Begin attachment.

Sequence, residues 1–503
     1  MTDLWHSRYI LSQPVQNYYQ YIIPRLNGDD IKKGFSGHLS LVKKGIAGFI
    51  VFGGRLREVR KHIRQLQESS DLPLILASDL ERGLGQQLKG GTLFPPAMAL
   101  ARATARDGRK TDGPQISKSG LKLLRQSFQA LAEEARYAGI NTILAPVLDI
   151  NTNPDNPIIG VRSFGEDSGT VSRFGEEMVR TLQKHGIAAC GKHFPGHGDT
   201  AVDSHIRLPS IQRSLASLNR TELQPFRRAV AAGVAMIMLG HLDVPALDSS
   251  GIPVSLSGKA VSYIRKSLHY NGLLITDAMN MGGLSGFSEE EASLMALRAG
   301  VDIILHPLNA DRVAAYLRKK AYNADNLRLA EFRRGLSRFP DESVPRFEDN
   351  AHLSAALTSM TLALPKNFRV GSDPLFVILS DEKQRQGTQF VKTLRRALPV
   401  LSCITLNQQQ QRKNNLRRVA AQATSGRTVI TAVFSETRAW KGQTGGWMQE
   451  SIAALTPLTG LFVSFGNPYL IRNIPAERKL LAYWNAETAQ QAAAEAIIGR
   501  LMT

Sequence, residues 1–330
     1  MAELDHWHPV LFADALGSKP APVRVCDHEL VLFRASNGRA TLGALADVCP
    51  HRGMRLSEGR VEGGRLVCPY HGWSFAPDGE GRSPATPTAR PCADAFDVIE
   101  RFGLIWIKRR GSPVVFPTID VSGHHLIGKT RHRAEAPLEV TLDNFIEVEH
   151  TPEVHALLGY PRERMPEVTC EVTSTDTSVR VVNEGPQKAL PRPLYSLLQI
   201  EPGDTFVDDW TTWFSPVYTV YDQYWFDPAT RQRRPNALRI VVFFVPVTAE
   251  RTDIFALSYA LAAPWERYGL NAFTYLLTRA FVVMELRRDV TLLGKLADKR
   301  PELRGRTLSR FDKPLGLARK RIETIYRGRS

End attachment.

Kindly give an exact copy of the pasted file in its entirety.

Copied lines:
Sequence, residues 1–503
     1  MTDLWHSRYI LSQPVQNYYQ YIIPRLNGDD IKKGFSGHLS LVKKGIAGFI
    51  VFGGRLREVR KHIRQLQESS DLPLILASDL ERGLGQQLKG GTLFPPAMAL
   101  ARATARDGRK TDGPQISKSG LKLLRQSFQA LAEEARYAGI NTILAPVLDI
   151  NTNPDNPIIG VRSFGEDSGT VSRFGEEMVR TLQKHGIAAC GKHFPGHGDT
   201  AVDSHIRLPS IQRSLASLNR TELQPFRRAV AAGVAMIMLG HLDVPALDSS
   251  GIPVSLSGKA VSYIRKSLHY NGLLITDAMN MGGLSGFSEE EASLMALRAG
   301  VDIILHPLNA DRVAAYLRKK AYNADNLRLA EFRRGLSRFP DESVPRFEDN
   351  AHLSAALTSM TLALPKNFRV GSDPLFVILS DEKQRQGTQF VKTLRRALPV
   401  LSCITLNQQQ QRKNNLRRVA AQATSGRTVI TAVFSETRAW KGQTGGWMQE
   451  SIAALTPLTG LFVSFGNPYL IRNIPAERKL LAYWNAETAQ QAAAEAIIGR
   501  LMT

Sequence, residues 1–330
     1  MAELDHWHPV LFADALGSKP APVRVCDHEL VLFRASNGRA TLGALADVCP
    51  HRGMRLSEGR VEGGRLVCPY HGWSFAPDGE GRSPATPTAR PCADAFDVIE
   101  RFGLIWIKRR GSPVVFPTID VSGHHLIGKT RHRAEAPLEV TLDNFIEVEH
   151  TPEVHALLGY PRERMPEVTC EVTSTDTSVR VVNEGPQKAL PRPLYSLLQI
   201  EPGDTFVDDW TTWFSPVYTV YDQYWFDPAT RQRRPNALRI VVFFVPVTAE
   251  RTDIFALSYA LAAPWERYGL NAFTYLLTRA FVVMELRRDV TLLGKLADKR
   301  PELRGRTLSR FDKPLGLARK RIETIYRGRS